If you find yourself under the scrutiny of both the European Union government and the United States Congress, it would be logical to stay away from the spotlight, if only for a moment. However, Facebook the Great don't seem to be bothered, and like Alexander, they want to see their empire grow and evolve: the company has now filed for a patent that will exploit users' data to obtain better ad targeting results.
"Absolute madness," one might think. Criticized worldwide for its data exploitation practices, demonized by the digital rights defenders, Facebook are back and demonstrating that they are not interested in the opinion of the small people. Their latest innovation: a patent used to better target users with the probable objective to delight advertisers by offering more accurate data than ever.
The latest innovation - a patent to better target their users
This is what this patent, filed last May and published today, consists of - it is an algorithm with which Facebook would obtain more information from your photos. To do this, the algorithm analyses different elements: the people tagged in pictures, the photo descriptions, but also the IP addresses of the person who published the photo and users sharing the same IP address, etc. Why would they need that information? Simply to identify members of the same family - or household - and target them with better and more relevant advertisements.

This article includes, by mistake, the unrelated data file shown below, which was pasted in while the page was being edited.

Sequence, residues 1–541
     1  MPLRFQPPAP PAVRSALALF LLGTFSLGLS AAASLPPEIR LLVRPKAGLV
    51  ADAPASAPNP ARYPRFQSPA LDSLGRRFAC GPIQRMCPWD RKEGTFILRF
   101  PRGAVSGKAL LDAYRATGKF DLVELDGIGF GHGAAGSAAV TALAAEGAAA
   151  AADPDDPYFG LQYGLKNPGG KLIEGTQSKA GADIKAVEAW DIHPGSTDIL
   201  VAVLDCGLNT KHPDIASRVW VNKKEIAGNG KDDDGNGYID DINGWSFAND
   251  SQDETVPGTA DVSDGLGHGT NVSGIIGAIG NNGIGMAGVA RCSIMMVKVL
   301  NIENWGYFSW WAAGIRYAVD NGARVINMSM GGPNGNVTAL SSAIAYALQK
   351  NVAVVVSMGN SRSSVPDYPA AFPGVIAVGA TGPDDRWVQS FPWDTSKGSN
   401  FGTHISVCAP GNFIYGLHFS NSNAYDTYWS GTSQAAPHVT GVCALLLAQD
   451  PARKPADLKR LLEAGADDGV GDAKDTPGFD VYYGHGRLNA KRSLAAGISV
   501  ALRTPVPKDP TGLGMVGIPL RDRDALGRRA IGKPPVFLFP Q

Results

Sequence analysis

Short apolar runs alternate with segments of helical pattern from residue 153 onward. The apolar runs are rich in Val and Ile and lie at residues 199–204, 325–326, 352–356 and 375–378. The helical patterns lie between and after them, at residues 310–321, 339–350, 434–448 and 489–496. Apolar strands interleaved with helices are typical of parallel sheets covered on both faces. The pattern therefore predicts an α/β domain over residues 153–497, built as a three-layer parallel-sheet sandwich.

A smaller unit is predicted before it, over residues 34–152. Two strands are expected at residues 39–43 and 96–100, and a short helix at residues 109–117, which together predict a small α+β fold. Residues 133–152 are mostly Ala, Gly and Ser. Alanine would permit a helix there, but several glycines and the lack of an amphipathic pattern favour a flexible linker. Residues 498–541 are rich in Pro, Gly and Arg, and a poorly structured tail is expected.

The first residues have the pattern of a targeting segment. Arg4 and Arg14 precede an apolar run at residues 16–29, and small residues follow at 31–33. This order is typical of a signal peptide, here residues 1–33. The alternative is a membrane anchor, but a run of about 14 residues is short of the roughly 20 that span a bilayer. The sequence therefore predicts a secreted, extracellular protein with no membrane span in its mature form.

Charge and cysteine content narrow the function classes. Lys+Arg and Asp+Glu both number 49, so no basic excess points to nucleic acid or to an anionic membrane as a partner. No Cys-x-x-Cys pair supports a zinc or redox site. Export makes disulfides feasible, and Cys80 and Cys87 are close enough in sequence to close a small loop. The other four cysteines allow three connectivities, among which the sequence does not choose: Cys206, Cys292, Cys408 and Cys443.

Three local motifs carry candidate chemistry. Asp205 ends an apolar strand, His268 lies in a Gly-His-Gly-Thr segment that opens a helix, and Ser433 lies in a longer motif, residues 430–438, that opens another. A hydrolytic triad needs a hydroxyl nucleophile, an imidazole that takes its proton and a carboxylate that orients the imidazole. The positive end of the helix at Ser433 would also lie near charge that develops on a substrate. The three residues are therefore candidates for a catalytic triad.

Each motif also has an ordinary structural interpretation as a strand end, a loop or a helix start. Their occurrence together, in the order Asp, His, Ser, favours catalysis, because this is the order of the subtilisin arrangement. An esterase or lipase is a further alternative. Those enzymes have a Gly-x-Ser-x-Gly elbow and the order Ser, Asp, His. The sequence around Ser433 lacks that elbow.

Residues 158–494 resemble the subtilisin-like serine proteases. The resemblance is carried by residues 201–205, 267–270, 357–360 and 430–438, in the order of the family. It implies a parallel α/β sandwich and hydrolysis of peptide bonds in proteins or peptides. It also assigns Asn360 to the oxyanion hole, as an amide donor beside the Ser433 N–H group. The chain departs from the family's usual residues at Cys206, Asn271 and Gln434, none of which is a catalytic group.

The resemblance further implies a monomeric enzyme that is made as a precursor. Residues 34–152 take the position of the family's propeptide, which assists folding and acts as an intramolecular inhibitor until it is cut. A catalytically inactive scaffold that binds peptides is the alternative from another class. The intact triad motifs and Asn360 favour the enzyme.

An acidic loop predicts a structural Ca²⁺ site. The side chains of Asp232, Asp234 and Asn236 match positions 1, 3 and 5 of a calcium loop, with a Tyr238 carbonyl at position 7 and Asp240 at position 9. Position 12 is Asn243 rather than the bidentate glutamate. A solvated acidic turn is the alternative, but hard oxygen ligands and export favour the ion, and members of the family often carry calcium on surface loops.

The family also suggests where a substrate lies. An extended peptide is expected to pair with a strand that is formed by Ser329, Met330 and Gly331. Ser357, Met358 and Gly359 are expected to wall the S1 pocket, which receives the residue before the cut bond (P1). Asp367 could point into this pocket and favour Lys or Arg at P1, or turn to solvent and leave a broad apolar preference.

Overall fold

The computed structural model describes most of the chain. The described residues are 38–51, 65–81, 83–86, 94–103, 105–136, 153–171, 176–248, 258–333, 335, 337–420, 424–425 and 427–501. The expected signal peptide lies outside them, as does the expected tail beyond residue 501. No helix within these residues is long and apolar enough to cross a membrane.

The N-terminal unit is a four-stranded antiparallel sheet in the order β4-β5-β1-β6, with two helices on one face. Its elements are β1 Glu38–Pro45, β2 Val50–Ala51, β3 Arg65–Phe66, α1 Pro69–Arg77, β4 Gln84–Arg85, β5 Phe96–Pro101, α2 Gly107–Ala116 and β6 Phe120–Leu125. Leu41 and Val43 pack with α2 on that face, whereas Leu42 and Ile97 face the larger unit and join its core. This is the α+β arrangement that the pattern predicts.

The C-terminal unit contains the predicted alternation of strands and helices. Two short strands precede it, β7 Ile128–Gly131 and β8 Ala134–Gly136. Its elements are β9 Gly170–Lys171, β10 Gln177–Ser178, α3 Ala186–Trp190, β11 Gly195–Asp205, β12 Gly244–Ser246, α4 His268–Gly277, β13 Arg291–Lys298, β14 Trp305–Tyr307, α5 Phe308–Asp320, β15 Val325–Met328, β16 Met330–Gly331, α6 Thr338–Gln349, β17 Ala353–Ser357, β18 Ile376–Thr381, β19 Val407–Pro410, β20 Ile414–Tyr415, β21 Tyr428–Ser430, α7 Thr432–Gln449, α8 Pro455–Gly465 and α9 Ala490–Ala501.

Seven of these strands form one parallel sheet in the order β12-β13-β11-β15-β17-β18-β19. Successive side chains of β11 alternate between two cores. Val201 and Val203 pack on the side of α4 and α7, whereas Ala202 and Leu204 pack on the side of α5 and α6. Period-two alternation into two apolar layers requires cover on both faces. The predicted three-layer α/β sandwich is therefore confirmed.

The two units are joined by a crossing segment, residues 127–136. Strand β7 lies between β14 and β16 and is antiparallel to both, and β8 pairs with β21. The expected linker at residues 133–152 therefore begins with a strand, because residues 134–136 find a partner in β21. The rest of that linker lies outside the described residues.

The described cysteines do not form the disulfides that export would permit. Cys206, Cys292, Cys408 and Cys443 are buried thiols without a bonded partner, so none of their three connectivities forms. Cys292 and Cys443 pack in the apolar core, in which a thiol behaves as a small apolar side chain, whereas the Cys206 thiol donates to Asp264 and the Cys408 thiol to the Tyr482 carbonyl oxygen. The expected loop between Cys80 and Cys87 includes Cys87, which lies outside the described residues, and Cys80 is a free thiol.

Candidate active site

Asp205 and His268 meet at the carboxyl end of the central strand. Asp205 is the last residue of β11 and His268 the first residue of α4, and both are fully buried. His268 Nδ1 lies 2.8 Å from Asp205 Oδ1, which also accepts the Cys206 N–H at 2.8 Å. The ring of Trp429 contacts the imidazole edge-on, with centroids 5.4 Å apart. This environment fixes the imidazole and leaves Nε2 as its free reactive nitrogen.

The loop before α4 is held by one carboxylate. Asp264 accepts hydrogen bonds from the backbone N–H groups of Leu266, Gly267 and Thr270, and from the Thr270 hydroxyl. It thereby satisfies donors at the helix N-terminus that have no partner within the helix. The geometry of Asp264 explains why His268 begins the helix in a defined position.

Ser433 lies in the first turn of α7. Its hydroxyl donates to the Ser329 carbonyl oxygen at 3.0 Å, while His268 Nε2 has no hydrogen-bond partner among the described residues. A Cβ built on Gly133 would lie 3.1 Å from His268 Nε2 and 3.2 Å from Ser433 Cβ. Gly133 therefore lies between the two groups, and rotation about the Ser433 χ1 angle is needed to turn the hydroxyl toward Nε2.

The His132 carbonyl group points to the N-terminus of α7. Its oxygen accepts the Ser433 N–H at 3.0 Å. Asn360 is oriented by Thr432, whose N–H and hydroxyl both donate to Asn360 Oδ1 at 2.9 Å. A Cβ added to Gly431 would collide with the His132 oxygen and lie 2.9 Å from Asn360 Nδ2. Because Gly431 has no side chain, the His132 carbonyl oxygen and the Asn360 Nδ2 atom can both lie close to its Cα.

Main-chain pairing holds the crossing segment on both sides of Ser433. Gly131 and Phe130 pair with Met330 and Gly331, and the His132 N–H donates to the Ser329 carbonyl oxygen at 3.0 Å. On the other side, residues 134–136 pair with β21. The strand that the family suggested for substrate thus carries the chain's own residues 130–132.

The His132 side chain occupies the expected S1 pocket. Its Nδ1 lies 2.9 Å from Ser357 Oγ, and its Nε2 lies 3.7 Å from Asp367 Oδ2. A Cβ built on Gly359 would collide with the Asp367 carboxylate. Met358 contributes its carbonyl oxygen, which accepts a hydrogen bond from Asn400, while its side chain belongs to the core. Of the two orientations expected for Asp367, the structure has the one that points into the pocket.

It is interesting to note that while this patent originally had an advertising targeting objective, the text is rather vague. The Verge explains that it is a method for analyzing "household size, household member characteristics, shared interests, which household members use which electronic devices, and whether those users are Facebook members". In short, who knows what Facebook is concocting for us. In any case, technology can be used for other purposes (e.g. to better combat terrorism by detecting profiles).
What do you think? Has Facebook finally crossed the line? Do you still use the social media network? Let us know in the comments.
Source: The Verge